A recent corporate treasurer survey conducted by JP Morgan highlighted how China’s economic slowdown has emerged as the biggest concern for companies, with 48% of respondents rating this as the most significant problem, an increase from 13% in the first quarter of 2015.
In addition to this, Chinese economic growth has slipped to 7% in 2015, but expect to grow by 6.6.% in 2016 as the country moves from being an investment led, export driven economy to one that is based on consumption and services.
CEO of corporate banking, Asia Pacific at JP Morgan, Muhammad Aurangzeb, mentions that it is important to recognise that China has a nominal GDP of around $10 trillion which results in hundreds of billions of dollars being added to the economy every year. “The challenge is how businesses align their strategies and structure themselves accordingly in order to take advantage of the opportunities presented as a result of the economy’s changing dynamics,” Aurangzeb said.
Earlier in the year, the top concern for treasurers was foreign exchange volatility, but this has since fallen to second place on the list of issues in the industry because of the depreciation of the renminbi in August.
Aurangzeb continued to say that companies that are significantly exposed to Asian currencies and need to convert back to US dollars will face headwinds. “J.P. Morgan is in constant dialogue with clients to ensure that they have robust hedging strategies in place that will allow them to navigate the current volatility. In addition, China’s currency devaluation in August undoubtedly took many by surprise and this only emphasises the need to treat the RMB as a major currency. I believe that as a direct result of the recent challenges faced we will see further integration of China-based treasury operations into regional treasury centres, which will provide a more holistic view going forward,” said Aurangzeb.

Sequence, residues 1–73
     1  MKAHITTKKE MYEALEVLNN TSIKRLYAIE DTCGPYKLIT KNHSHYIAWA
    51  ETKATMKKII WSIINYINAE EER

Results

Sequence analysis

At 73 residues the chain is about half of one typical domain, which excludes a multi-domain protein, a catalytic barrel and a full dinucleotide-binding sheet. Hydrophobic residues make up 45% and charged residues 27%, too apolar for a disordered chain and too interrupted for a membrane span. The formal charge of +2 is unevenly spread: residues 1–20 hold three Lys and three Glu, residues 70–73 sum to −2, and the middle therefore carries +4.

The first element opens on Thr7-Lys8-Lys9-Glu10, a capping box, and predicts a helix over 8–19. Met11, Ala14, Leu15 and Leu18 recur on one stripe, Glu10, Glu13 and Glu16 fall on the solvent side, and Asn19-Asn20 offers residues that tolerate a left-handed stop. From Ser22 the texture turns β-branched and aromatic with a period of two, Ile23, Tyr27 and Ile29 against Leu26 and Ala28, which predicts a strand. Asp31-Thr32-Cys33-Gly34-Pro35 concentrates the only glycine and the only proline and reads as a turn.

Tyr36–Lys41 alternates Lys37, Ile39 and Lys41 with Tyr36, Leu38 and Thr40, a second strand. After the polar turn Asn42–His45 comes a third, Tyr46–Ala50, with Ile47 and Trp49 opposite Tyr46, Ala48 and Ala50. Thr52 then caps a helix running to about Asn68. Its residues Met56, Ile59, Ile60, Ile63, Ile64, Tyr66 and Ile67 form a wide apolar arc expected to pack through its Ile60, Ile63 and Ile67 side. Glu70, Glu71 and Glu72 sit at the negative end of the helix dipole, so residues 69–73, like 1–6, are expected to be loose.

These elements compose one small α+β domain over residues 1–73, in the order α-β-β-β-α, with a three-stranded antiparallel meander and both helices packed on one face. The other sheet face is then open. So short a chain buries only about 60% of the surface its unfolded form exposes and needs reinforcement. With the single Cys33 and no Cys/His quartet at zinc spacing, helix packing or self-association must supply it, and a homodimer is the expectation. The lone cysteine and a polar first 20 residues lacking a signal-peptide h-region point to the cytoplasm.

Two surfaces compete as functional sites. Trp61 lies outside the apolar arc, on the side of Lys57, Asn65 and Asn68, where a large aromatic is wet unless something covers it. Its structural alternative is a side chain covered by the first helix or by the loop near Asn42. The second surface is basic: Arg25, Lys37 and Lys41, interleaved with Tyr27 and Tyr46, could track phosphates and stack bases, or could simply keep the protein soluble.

Over 67% of treasurers that were surveyed said that their companies are considering using their surplus liquidity for strategic purposes, such as share buy backs, special payment dividends and for M&A funding.
However, Aurangzeb warns treasurers and iterates that they need to make sure that infrastructure keeps pace with the growth of the business in terms of technology and operations. “Growth can bring its own set of challenges that treasurers need to be aware of and plan for accordingly,” Aurangzeb said.
79% of treasurers agreed that the variety of regulations across different markets has caused a disparity in bank offerings, while 48% said that changing regulations had forced them to consider a broader range of opportunities for investing surplus cash.
“Regulatory change is something that impacts everyone, and J.P. Morgan has committed to remaining at the forefront of these changes and provides the best solutions to our clients to enable them to adapt. Our global footprint means that we are able to offer the broadest range of products across markets to suit the many different needs of the companies that bank with us,” said Aurangzeb.
An upgrade for the US, Europe and Japan is offset by downgrades for Mexico and other major emerging economies.
The Middle East kingdom, which aims to lessen its dependency on oil revenue, plans to cut billions as part of its aim to achieve a balanced budget by 2020, claims a report.
The sixth annual ‘risk barometer’ issued by insurer Allianz also finds that cyber risk has risen to become one of the top three corporate concerns globally.
Andrew Haldane said that the Bank of England’s forecast of a resulting sharp economic slowdown had proved highly inaccurate.